When I put the basket in direct sun, and added a lemon at the bottom right, the image was still very good, with just a slight blowout of the white highlights. The grapefruit and orange just behind that lemon are too yellow though, where the sun is directly on them.

This red basket represented a real challenge. I had anticipated that there might be quite a bit of artifacts at the edges of all the beads, but it didn't occur. That is a nice advantage of recording at 100 Mbps. Other cameras typically use somewhere around 25 Mbps, which requires more compression, and thus, produces more artifacts.

Blue is very rich with the AG-HVX200, as seen in this shot of a ceramic bird. Again, white balance is perfect. I did notice that it sometimes took about 1 or 2 seconds for the white balance to stabilize, so what's called a "pre-roll" is called for. That means start shooting a few seconds before the action that you are going to be using starts.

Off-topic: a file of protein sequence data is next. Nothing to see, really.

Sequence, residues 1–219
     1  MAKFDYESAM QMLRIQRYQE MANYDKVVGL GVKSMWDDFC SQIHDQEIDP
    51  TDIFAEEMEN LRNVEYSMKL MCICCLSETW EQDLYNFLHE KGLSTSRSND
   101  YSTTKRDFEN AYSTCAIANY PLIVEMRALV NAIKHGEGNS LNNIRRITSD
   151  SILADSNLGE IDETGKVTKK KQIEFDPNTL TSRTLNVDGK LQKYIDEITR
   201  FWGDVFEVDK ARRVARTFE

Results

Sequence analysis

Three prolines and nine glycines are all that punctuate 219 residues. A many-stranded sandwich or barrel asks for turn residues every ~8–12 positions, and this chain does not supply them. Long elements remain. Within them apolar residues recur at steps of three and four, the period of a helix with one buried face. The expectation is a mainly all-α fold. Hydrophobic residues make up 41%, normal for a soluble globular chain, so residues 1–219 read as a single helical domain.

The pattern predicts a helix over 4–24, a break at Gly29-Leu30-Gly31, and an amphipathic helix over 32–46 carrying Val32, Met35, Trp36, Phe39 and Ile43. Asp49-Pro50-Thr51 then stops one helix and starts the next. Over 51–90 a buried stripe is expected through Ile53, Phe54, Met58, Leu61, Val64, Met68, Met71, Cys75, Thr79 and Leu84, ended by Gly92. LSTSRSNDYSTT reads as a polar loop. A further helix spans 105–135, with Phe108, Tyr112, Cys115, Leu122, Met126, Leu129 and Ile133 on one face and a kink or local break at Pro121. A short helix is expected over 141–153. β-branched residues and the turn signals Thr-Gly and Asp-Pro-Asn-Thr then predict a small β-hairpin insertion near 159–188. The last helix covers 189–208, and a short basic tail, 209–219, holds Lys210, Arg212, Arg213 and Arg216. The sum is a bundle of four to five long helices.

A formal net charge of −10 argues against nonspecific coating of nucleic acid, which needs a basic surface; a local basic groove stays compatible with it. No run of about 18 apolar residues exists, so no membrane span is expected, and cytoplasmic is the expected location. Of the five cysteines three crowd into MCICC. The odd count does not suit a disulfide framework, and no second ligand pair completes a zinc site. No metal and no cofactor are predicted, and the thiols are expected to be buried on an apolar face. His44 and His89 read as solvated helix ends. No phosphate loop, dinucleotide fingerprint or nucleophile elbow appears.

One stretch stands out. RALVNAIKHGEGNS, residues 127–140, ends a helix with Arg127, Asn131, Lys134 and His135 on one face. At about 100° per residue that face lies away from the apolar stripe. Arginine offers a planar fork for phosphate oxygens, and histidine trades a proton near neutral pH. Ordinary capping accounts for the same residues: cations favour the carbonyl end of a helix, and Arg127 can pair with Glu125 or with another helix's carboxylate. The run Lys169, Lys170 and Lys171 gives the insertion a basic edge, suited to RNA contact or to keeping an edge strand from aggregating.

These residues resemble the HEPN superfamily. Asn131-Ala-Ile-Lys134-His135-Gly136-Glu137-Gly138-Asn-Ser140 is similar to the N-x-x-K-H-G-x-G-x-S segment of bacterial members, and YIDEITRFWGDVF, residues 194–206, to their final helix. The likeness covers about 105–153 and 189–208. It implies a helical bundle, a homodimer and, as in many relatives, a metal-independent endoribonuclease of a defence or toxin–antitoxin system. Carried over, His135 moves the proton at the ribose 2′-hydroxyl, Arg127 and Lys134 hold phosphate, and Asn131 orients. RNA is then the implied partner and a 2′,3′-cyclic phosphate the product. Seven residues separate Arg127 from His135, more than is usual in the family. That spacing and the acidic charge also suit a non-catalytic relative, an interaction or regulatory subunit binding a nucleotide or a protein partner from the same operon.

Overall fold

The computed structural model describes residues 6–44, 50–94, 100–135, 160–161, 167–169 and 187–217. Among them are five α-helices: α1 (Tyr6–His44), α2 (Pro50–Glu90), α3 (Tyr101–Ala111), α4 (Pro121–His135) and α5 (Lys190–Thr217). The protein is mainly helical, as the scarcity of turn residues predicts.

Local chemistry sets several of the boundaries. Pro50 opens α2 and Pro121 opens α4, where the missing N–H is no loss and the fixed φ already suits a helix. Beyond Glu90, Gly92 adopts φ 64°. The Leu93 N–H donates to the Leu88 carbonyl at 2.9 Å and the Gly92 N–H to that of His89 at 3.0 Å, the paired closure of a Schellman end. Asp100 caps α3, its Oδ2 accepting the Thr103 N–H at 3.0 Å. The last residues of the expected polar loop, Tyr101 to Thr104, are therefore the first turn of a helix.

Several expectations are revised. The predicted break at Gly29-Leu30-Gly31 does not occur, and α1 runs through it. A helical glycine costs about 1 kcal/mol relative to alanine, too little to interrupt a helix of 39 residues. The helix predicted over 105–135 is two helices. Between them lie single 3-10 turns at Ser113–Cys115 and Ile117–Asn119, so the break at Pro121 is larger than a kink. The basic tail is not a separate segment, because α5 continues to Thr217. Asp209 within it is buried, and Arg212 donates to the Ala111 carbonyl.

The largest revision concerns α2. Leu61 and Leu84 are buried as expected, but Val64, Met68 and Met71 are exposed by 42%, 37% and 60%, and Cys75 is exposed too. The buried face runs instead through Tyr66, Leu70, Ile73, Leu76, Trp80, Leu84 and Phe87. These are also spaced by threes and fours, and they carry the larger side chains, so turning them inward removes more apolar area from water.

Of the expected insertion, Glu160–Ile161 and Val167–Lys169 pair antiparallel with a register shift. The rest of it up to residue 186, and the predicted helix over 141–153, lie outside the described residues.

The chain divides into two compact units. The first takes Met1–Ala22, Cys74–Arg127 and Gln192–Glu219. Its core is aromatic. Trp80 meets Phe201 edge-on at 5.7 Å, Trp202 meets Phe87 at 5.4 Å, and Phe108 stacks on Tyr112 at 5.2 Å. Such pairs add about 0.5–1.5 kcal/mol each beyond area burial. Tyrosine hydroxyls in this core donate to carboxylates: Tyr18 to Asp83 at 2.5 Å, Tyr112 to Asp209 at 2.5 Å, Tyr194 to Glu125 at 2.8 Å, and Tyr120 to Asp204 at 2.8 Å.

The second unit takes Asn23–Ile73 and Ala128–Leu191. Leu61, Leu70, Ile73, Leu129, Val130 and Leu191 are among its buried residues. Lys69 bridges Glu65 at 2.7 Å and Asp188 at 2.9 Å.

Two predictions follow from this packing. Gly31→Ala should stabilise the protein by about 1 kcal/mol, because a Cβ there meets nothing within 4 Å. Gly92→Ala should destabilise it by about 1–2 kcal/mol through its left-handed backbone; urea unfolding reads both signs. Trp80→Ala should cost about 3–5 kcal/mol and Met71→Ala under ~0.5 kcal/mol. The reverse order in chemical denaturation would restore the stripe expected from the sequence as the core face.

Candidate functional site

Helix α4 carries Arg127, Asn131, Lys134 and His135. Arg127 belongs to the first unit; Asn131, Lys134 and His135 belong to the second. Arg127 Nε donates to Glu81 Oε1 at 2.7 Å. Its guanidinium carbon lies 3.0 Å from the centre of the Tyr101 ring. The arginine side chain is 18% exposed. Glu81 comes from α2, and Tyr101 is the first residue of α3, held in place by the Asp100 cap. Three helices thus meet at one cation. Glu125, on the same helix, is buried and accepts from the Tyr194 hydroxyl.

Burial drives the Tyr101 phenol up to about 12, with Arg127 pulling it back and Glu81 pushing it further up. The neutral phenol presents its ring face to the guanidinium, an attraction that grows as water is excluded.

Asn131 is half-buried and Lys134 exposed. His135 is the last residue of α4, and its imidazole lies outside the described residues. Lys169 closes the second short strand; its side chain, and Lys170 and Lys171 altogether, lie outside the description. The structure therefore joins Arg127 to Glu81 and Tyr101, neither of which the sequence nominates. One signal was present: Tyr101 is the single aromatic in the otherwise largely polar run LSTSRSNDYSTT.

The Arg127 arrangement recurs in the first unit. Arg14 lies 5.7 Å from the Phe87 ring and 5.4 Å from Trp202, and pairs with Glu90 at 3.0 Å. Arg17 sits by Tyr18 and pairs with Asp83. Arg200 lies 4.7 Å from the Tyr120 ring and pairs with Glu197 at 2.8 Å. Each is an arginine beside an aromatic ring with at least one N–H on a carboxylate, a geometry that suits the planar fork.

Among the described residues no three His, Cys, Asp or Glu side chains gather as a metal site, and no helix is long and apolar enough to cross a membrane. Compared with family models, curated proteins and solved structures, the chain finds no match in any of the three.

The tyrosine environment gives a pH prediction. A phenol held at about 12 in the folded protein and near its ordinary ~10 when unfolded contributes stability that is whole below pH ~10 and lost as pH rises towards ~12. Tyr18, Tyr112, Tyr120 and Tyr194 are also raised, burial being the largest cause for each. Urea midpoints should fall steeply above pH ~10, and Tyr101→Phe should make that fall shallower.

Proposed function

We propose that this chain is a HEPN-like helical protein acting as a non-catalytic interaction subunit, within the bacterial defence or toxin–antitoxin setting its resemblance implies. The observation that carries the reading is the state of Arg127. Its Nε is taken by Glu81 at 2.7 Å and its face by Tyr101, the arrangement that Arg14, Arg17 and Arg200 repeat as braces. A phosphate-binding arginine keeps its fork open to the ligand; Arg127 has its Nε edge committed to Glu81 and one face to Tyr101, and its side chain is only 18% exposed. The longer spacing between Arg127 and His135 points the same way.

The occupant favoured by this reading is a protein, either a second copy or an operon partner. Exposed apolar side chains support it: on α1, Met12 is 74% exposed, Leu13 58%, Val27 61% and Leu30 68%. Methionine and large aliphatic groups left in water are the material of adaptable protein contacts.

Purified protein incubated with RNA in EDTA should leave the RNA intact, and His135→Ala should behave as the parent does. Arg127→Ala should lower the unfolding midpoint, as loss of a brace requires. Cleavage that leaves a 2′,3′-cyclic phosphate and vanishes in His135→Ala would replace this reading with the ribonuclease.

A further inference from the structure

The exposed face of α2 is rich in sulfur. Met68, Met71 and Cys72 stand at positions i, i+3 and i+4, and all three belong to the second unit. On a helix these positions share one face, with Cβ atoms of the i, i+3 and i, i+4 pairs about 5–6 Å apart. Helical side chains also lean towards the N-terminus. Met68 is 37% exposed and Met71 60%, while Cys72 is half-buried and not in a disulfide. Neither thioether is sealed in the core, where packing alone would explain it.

These white flowers from a potato vine are rendered just a bit underexposed. That is because an exposure meter is designed to produce an exposure for neutral gray (17% gray), and that means white gets underexposed if it is a major part of the composition as it is here. However, white balance is again, spot on.

I always like to include this green succulent in my camera reviews because it has such a beautiful geometric composition. The color is exactly the way it appears in reality.

In the past, yellow has been a difficult color for digital sensors. Obviously, manufacturers are getting a handle on this problem as shown here. No issues at all.

Red is (was) another tough subject, and nothing is redder than a Poinsettia during the winter holidays. No problem here.